Belfast Telegraph

Tuesday 21 October 2014

'Deep Throat' blows lid on LVF crimelord

THE LVF in north Belfast traded drugs and guns with the INLA, provided intelligence to Special Branch on other loyalists and pocketed more than £1m for themselves, a former associate claims.

THE LVF in north Belfast traded drugs and guns with the INLA, provided intelligence to Special Branch on other loyalists and pocketed more than £1m for themselves, a former associate claims.

The loyalist 'deep throat' spent five years as sidekick to a top north Belfast LVF man who used the terror group to amass a formidable arsenal and huge wealth.

Our source - who is under a death sentence from the leader of the now-disbanded LVF in the north of the city - had to move from his Ballysillan Avenue home after police warned him his life was in danger.

The man doesn't want his name published or his face shown.

He denies being a member of the LVF, but admits to being a sympathiser, which was how he came to be trusted by the paramilitary leader.

The LVF boss - who has a conviction for supplying drugs - has been driven out of the Ballysillan Avenue area by the UDA and the UVF

His former associate told us: "For five years, Ballysillan Avenue was the busiest street in Belfast for drug dealing, from Friday afternoon to Sunday evening. The man who I travelled with was making huge money from it.

"Two of his uncles lived in the area and they were getting a weekly wage for helping out with the drugs supply, but that has all stopped now. The UDA stopped it and there's no drug dealing in the street now."

For five years he witnessed deals being done by the crimelord with the INLA to bring cocaine, cannabis, Ecstasy and guns into north Belfast.

The former associate said he nearly suffered the same fate as Denise Larkin (17), who died from a deadly 'snowball' drugs cocktail in 2004.

He added: "The man who ran this whole drug empire came to me on the same night Denise Larkin died, put a bag on the table and said I should try the 'snowball'.

"I asked what was in it, and he said (Colombian drug baron Pablo) Escobar's cocaine and some other stuff. I told him to get it out of my house, because I had a kid and another one on the way.

"The next day, when I learned that Denise had died, he came to my house and said he was worried because his fingerprints were on the bag that the drugs were in. He said the peelers had got it from her bin and he'd be in big trouble.

"Nothing ever came of it anyway and the police never charged him with supplying drugs to Denise."

During his five years with the leading loyalist, the father-of-two said he witnessed deals going down with the INLA - although at the time he didn't know the full extent of the connection with republicans.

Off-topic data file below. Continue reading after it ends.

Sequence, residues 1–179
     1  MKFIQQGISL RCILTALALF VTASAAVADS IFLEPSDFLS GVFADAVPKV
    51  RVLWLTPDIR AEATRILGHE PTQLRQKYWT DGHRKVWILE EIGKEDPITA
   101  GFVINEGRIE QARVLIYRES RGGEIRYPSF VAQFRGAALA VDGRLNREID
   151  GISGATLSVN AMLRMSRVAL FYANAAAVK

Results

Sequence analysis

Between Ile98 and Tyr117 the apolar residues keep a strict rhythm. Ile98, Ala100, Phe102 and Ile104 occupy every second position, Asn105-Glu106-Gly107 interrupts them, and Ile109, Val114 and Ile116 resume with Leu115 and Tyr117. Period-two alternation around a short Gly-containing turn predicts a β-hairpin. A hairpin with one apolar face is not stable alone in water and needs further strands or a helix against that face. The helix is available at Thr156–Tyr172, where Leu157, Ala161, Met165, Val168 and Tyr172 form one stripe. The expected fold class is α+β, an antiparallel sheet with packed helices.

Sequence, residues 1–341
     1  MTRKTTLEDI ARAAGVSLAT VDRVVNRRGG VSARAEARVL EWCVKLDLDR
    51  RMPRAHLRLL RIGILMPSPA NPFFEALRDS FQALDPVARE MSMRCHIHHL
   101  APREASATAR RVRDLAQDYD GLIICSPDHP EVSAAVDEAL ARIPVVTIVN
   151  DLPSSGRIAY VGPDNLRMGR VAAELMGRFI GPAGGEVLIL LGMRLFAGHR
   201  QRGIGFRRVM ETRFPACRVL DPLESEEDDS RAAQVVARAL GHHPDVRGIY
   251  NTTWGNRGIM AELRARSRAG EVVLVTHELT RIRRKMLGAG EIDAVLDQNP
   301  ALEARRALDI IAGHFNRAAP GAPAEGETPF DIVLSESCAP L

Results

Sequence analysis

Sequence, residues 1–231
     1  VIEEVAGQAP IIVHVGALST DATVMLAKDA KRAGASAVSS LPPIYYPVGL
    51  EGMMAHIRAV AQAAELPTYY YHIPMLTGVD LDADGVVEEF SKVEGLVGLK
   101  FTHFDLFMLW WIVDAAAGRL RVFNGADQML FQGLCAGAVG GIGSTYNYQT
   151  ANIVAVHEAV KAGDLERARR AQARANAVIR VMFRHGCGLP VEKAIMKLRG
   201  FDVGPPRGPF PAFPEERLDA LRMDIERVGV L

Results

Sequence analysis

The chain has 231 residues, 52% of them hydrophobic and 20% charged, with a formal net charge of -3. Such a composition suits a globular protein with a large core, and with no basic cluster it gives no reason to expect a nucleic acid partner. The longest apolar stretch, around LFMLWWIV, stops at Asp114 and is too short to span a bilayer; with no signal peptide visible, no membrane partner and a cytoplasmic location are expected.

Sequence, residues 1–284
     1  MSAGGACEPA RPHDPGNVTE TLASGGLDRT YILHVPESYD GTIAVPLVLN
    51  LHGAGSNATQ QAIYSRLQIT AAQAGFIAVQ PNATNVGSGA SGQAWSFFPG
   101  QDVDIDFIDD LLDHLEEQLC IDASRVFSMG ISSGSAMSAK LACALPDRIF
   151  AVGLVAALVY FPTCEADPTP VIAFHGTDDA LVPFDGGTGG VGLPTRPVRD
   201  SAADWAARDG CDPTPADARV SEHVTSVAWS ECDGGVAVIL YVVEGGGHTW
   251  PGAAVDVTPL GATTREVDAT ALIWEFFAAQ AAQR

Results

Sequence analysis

"One of the meetings was with 'Dark Cloud' (the Ardoyne INLA leader), who headbutted Billy Hutchinson at the Holy Cross dispute. Another was with Kevin McAlorum, who was shot dead. I went with him one day and we went to the Lower Hightown Road. He got into McAlorum's car and they had a discussion - this was about two months before McAlorum was hit.

"He later told me that he had got two bulletproof jackets for Kevin, because he was in danger. They didn't help him, as he was shot in the head.

"After that, he asked his other INLA contacts if they knew where McAlorum's Glock (pistol) was, because he wanted to get it, but he didn't. I only knew it was McAlorum he was meeting after they showed his picture in the paper."

But getting guns wasn't a problem for the LVF in north Belfast.

"This individual got about a dozen guns from the INLA. He dealt with the INLA to get stolen cigarettes, guns and drugs all the time. One time, when there was a big police operation near Broadway in west Belfast and a lorry was seized with drugs and guns onboard, he was mad. He said 'that's my stuff they've got'.

"During the LVF feud with the UVF he came down to my house and he said he had a 'job' he wanted me to do - he wanted me to kill a UVF man in the area.

"He wanted me to whack a UVF man, but I told him killing loyalists wasn't my cup of tea. We had a big argument because I said the lad who was shot and blinded on the Crumlin Road (David Hanley) should never have been touched. It was a big row."

Now living away from the Ballysillan area, the man said he remained concerned that the former LVF leader would try to kill him.

"It's too late to silence me now, because loyalists know it all and I have told my story, so it's on the record.

"He knows, the whole family knows, what loyalists think of them - touts and traitors. They were dealing with people who killed Trevor King and other loyalists and telling the Special Branch what other loyalists were doing to save their own necks - nobody trusts them.

"He still walks his dogs as far out as the Seven Mile Straight, and he once said to me that he knew the hills, and they were great places to hide things, and nobody would think anything odd about walking the dog out there.

"He has about 25 to 30 handguns and three AK-47s. He got about half of them from the INLA and he knows how to use them, but other loyalists won't let him into areas because they know what he was up to, and it's him that's in more danger than me now."

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